True Fiction: The real deaths that inspired Twin Peaks, Nightmare on Elm Street

A new GameSpot series on YouTube links pop culture and historic events.

Gael Cooper
CNET editor Gael Fashingbauer Cooper, a journalist and pop-culture junkie, is co-author of "Whatever Happened to Pudding Pops? The Lost Toys, Tastes and Trends of the '70s and '80s," as well as "The Totally Sweet '90s." She's been a journalist since 1989, working at Mpls.St.Paul Magazine, Twin Cities Sidewalk, the Minneapolis Star Tribune, and NBC News Digital. She's Gen X in birthdate, word and deed. If Marathon candy bars ever come back, she'll be first in line.
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Gael Cooper
3 min read

Quirky TV series Twin Peaks focused on the murder of plastic-wrapped, fictional homecoming queen Laura Palmer. But it turns out a real murder inspired that television crime. More than 80 years before the quirky ABC series premiered in 1990, the body of 20-year-old Hazel Drew was found floating in Teal's Pond in Sand Lake, New York.


An image of Sheryl Lee, who played Laura Palmer, overlaid onto an image of Hazel Drew, the real-life young woman whose murder inspired the Twin Peaks plot.


True Fiction, a new YouTube series from CNET sister site GameSpot, is focusing on the real-life events that inspired pop culture movies, TV shows and more. The first episode, now up on the GameSpot Universe YouTube channel, focuses on Hazel Drew's murder and its connection to the fictional Laura Palmer. 

"I'm a huge Twin Peaks fan, and I didn't really know about Hazel Drew," True Fiction host Kurt Indovina told me. But in that premiere episode, Indovina digs in, reporting on the murder of a young woman who, like Laura Palmer, reportedly was living a secret life.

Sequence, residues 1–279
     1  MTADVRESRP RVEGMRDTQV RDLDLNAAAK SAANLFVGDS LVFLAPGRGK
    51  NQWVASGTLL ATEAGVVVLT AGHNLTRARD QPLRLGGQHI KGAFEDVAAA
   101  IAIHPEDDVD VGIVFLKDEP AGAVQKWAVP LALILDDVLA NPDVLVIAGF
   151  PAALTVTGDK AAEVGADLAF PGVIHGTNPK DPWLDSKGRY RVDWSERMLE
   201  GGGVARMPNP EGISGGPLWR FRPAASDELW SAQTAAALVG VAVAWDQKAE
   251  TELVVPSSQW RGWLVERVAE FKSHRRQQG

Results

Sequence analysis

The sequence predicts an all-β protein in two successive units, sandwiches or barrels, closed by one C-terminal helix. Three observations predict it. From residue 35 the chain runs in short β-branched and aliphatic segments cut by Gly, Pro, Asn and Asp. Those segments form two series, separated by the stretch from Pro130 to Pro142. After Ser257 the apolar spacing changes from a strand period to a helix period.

Pretty, friendly and well-liked, Drew left her job as a domestic servant for unknown reasons just days before her body was found. And that was only one of the unanswered questions about Drew's life. She was discovered to have taken numerous trips to big cities, buying tailored clothing a housekeeper could never afford, even supposedly going to a dressmaker in the middle of the night and demanding outfits. Although no one knew her to have a sweetheart, she had saved dozens of postcards and letters from an unknown admirer, signed merely "C.E.S." 

And like in Twin Peaks, the suspects in her murder were many, including a dentist who had proposed to her, a neighbor, a train conductor and her own uncle.

"But there was never enough evidence to prosecute anyone," Indovina, a GameSpot writer, says in the episode. "And eventually the police gave up, and the case went cold."

Twin Peaks co-creator Mark Frost heard Hazel's story from his grandmother, Indovina says in the episode, and Frost used the tale as "major inspiration" for the show.

Not all the True Fiction episodes are as directly connected to one specific event as the Hazel Drew-Laura Palmer show. 

One delves into the origins of Godzilla, which of course has connections to the atomic bombs dropped on Japan in World War II. Another examines how a mysterious fatal syndrome inspired the Nightmare on Elm Street movies, and one looks at the risk-taking life of martial-arts star and actor Jackie Chan. Still another uses The Shining to examine the psychology behind cabin fever.


True Fiction host Kurt Indovina will explain how fictional Nightmare on Elm Street and Freddy Krueger are connected to real-life deaths.

Courtesy GameSpot

While the Twin Peaks episode is just 11 minutes long, future episodes will vary in length, with some being notably longer, Indovina says. Seven episodes have been created.

The show's goal is to dig into relevant historic events and tell stories "in a way that isn't being done," Indovina says. "I want to treat (the episodes) like they were movies."

And in a way, the episodes provide Easter eggs for pop culture fans who want to know the story behind the story.

"We're taking things people love, and reminding them that there is more there," co-showrunner Lucy James said.

True Fiction will premiere on the GameSpot Universe YouTube channel with the Twin Peaks episode on Sept. 22, with new episodes coming on Sundays.

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Originally published Sept. 16.